Cite This Page:

Association for Psychological Science. "Did I See What I Think I Saw?." ScienceDaily. ScienceDaily, 30 January 2009. <www.sciencedaily.com/releases/2009/01/090128160835.htm>.
Association for Psychological Science. (2009, January 30). Did I See What I Think I Saw?. ScienceDaily. Retrieved April 16, 2014 from www.sciencedaily.com/releases/2009/01/090128160835.htm
Association for Psychological Science. "Did I See What I Think I Saw?." ScienceDaily. www.sciencedaily.com/releases/2009/01/090128160835.htm (accessed April 16, 2014).

Share This



More Mind & Brain News

Wednesday, April 16, 2014

Featured Research

from universities, journals, and other organizations


Featured Videos

from AP, Reuters, AFP, and other news services

Cognitive Function: Is It All Downhill From Age 24?

Cognitive Function: Is It All Downhill From Age 24?

Newsy (Apr. 15, 2014) A new study out of Canada says cognitive motor performance begins deteriorating around age 24. Video provided by Newsy
Powered by NewsLook.com
App Fights Jet Lag With The Power Of Math

App Fights Jet Lag With The Power Of Math

Newsy (Apr. 13, 2014) Researchers at the University of Michigan have designed an app to fight jet lag by adjusting your body's light intake. Video provided by Newsy
Powered by NewsLook.com
Treatment Gaps Endangering Cops, Mentally Ill

Treatment Gaps Endangering Cops, Mentally Ill

AP (Apr. 10, 2014) As states slash funding for mental health services, police officers are interacting more than ever with people suffering from schizophrenia and other serious disorders of the mind. The consequences can be deadly. (April 10) Video provided by AP
Powered by NewsLook.com
Teen Drinking Rates Linked To Alcohol Mentions In Pop Music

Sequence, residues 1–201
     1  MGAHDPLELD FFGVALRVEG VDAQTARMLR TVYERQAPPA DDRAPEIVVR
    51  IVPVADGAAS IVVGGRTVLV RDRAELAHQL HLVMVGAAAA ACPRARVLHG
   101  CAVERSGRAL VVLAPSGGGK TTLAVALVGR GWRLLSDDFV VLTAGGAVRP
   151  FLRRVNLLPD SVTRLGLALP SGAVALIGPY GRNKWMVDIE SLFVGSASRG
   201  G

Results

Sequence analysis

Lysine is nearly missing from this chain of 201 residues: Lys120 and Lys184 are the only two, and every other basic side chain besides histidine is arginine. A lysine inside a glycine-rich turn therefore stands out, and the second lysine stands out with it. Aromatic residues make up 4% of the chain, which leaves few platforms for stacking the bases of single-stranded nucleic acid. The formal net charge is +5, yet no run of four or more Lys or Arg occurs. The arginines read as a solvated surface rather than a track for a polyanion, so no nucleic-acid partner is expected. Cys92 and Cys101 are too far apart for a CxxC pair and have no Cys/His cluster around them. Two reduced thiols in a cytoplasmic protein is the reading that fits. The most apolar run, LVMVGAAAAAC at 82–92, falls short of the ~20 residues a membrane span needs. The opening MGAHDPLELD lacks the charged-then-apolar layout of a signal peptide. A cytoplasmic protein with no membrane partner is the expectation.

Teen Drinking Rates Linked To Alcohol Mentions In Pop Music

Newsy (Apr. 9, 2014) A University of Pittsburgh study found pop music that mentions alcohol is linked to higher drinking rates among teens. Video provided by Newsy
Powered by NewsLook.com

Search ScienceDaily

Number of stories in archives: 140,361

Find with keyword(s):
Enter a keyword or phrase to search ScienceDaily for related topics and research stories.

Save/Print:
Share:

Breaking News:
from the past week

In Other News

... from NewsDaily.com

Science News

Health News

Environment News

Technology News



Save/Print:
Share:

Free Subscriptions


Get the latest science news with ScienceDaily's free email newsletters, updated daily and weekly. Or view hourly updated newsfeeds in your RSS reader:

Get Social & Mobile


Keep up to date with the latest news from ScienceDaily via social networks and mobile apps:

Have Feedback?


Tell us what you think of ScienceDaily -- we welcome both positive and negative comments. Have any problems using the site? Questions?
Mobile: iPhone Android Web
Follow: Facebook Twitter Google+
Subscribe: RSS Feeds Email Newsletters
Latest Headlines Health & Medicine Mind & Brain Space & Time Matter & Energy Computers & Math Plants & Animals Earth & Climate Fossils & Ruins